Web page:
I only attended one panel — well, actually, just a few minutes of a Macmillan panel on literary fiction (the Macmillan panels were in a section of the show floor, so they were easier to get to). All the other panels were downstairs in smaller rooms, and they didn’t clear the rooms between panels. Basically, what that means is that (I’m making up numbers here) if a room holds fifty people, and they all want to stay for three events in a row, they can. You can line up outside and try to get in, but if none of the fifty people inside leaves, you’ll be turned away. So by getting in line for an event, you are putting all your eggs in one basket (of dubious reliability). Not only will you be too late to get into any other panels for that time slot, but you’ll miss whatever autographing sessions and giveaways are happening upstairs. I waited in line for only one panel (Jason Segel) and found out five minutes before the event began — after waiting for half an hour — that I wouldn’t get in. (I only found out because the girl in front of me went to ask.) Here’s the problem with this system: the staff knows how many people each room holds. If there are more people in line than that, they don’t say anything. They just let you wait until you find someone to hold your spot and ask them. They will happily let you waste your time rather than capping the lines at the rooms’ capacity. This makes no sense and is inconsiderate to attendees, not to mention the fact that it’s overall poor planning. (Also, the fact that so many panels ended up full means that maybe they sold too many tickets or needed to allocate more space for panels.)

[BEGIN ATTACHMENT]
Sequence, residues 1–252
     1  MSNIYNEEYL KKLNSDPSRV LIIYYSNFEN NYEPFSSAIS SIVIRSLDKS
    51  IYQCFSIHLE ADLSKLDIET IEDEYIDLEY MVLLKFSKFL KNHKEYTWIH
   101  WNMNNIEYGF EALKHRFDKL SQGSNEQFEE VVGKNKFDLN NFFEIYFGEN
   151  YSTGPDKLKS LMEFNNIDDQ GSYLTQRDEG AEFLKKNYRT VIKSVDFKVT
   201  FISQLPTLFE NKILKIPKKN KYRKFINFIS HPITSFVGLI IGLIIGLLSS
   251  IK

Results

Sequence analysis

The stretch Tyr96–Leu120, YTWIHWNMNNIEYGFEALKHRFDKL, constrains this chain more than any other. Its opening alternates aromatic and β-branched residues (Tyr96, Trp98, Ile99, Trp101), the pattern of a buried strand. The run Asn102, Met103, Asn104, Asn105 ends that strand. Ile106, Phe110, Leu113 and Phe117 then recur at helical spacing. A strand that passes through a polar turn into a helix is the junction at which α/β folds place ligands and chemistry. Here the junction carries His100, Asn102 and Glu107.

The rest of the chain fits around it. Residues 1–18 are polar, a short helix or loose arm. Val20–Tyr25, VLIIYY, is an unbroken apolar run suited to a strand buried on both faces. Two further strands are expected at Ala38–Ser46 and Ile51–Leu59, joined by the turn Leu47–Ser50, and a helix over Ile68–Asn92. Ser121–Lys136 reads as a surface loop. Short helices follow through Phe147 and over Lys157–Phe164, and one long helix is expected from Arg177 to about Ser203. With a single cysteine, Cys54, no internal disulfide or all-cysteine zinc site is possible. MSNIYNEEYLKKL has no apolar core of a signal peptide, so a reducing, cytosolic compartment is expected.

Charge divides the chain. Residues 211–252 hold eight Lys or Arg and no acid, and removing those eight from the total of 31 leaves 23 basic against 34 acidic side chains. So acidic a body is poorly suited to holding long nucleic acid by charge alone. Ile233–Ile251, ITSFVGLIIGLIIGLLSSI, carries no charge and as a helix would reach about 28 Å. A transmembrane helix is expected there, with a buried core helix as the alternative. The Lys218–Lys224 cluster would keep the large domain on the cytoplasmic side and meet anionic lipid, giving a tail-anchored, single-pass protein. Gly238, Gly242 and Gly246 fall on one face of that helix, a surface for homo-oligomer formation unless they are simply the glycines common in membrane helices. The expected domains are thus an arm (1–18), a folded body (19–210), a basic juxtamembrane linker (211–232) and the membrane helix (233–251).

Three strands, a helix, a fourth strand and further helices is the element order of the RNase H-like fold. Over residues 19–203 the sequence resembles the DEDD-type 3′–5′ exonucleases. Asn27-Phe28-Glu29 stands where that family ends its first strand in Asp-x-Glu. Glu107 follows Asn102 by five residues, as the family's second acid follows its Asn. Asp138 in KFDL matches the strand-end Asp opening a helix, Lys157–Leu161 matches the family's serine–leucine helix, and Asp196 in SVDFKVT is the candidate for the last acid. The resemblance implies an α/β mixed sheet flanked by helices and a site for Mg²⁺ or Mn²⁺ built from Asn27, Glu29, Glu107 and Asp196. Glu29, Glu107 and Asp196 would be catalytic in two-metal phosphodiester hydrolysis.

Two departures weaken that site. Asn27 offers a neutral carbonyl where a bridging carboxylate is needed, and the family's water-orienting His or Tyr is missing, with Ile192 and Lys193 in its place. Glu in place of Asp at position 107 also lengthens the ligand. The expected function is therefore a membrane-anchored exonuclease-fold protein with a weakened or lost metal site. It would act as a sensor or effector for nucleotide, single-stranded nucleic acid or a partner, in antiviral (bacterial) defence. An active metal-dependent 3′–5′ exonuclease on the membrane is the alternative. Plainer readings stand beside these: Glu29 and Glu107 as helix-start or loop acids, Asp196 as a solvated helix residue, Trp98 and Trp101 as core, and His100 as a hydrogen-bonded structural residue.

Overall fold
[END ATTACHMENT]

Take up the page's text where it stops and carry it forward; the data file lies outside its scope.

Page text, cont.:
The other issue with the panels is that the BookCon rules explicitly stated that attendees couldn’t line up until one hour before the panel’s slated time. However, this rule was not enforced. People hovered around the entrances, forming “unofficial” lines far earlier and then moving to the actual waiting area an hour before. And security did nothing about this. The show floor was open until 3:00, and John Green wasn’t scheduled to appear until 3:30, so I thought that leaving the show floor at 2:45 to line up downstairs would give me ample time. Nope. His line was well over capacity. When I asked another attendee about it, she said she’d seen people lining up around one. That’s two and a half hours early. I planned my day carefully, but the show’s organizers didn’t follow their own rules, so I didn’t get to do some of the things I’d hoped for.